Coaching brain drain or recycling?Comment on this story
A coaching brain drain or a normal recycling of personnel to provide fresh ideas for domestic cricket?
It’s hard to know what to make of the coaching moves taking place at three of South African cricket’s six franchises. Graham Ford, who was ousted at the Dolphins before the end of last season, Richard Pybus, who was pushed out at the Cobras, and Dave Nosworthy, who quit the Lions this week, have a great deal of experience and intellectual capital.
Vincent Barnes, the head coach at Cricket SA’s High Performance centre, described the trio’s exit as a “massive concern”. Barnes’ “concern” is justified. As he explained, through his work at the HPC he has needed to ensure a sound working relationship with coaches at the franchises to ensure the “pipeline” he and his boss Corrie van Zyl so often talk of, keeps flowing.
Now new relationships will have to be built, and data sourcing further refined. In the case of Paul Adams, who was this week appointed to coach the Cobras, Barnes will easily strike up a relationship – in fact he’ll just have to rekindle the one he had when the pair worked together at the Impi last season.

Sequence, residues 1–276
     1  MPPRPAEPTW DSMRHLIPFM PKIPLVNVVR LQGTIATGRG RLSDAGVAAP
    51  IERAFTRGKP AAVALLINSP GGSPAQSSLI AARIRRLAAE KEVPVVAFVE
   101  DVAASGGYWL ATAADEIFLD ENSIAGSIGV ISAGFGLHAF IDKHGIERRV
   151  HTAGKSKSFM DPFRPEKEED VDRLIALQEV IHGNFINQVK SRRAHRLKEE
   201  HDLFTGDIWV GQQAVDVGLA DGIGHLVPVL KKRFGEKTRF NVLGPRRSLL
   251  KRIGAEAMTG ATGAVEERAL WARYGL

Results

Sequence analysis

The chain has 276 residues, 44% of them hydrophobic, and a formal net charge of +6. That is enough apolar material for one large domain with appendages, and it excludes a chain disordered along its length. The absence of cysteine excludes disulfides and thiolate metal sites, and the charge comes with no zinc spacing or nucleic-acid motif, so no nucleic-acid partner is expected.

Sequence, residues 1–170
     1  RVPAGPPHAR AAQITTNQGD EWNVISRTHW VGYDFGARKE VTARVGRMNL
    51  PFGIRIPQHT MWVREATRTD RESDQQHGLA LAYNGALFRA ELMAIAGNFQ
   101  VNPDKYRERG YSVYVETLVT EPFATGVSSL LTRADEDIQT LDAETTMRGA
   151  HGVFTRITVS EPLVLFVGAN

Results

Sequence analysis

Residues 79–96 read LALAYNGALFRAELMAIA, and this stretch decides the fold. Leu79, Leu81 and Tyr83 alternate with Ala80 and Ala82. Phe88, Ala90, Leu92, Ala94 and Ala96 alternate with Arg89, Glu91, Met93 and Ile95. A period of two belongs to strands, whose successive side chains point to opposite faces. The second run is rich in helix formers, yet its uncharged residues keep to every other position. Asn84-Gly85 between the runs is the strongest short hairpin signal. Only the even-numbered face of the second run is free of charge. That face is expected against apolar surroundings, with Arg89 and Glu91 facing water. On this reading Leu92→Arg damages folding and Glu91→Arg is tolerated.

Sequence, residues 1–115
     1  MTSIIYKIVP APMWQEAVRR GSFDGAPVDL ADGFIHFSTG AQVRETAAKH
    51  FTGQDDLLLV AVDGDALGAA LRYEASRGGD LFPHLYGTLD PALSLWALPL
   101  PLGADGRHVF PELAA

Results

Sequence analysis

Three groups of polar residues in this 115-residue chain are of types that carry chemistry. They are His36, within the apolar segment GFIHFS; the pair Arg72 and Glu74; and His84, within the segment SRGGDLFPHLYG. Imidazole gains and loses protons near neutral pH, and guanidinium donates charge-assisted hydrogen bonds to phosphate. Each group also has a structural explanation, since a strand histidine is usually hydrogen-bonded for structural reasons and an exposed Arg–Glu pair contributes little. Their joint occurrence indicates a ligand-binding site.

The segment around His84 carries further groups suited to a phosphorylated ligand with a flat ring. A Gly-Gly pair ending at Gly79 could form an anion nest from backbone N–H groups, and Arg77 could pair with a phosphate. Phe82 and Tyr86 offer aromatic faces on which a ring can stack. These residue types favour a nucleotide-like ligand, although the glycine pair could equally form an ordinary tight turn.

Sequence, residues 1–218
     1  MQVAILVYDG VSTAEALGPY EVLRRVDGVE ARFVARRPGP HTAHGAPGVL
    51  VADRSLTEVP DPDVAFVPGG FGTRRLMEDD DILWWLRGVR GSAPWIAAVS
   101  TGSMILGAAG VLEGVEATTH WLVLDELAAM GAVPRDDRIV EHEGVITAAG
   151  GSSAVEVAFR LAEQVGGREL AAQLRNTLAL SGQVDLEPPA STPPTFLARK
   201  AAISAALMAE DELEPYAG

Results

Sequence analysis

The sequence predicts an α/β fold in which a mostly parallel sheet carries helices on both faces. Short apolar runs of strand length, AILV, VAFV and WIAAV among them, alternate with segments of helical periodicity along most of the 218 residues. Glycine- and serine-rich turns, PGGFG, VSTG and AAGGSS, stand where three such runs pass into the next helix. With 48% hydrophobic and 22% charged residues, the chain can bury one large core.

It’s different with the Highveld Lions. No formal decision has been made on a replacement for Nosworthy. Talk is that the coaching reins will be handed to Geoffrey Toyana and Gordon Parsons – Nosworthy’s assistants – on a short-term basis, but a decision is only expected after a board meeting next week.
Toyana is currently working at the HPC with the national Under-19 team so Barnes won’t have to go far to find him. However the volatile political situation within the GCB means anything is possible – chief executive Cassim Docrat hinted that they may look “outside”. Steve Waugh anyone?
In KZN it’s a straight fight between Lance Klusener and Shukri Conrad.
The loss of intellectual capital is certainly reason for Barnes’ concern, but by the same token a fresh perspective from some “new” coaches may yet prove beneficial.
What the Zimbabwe triangular series showed – unofficial though it was – was that the depth in South African cricket is not as good as many may have thought. Sure, there was lots of experimenting with personnel and combinations, and many of the players were coming straight out of their winter break, but given the kind of players in that South African side and what everyone thought about the relative strength of domestic franchise cricket, the results were an eye-opener. – The Star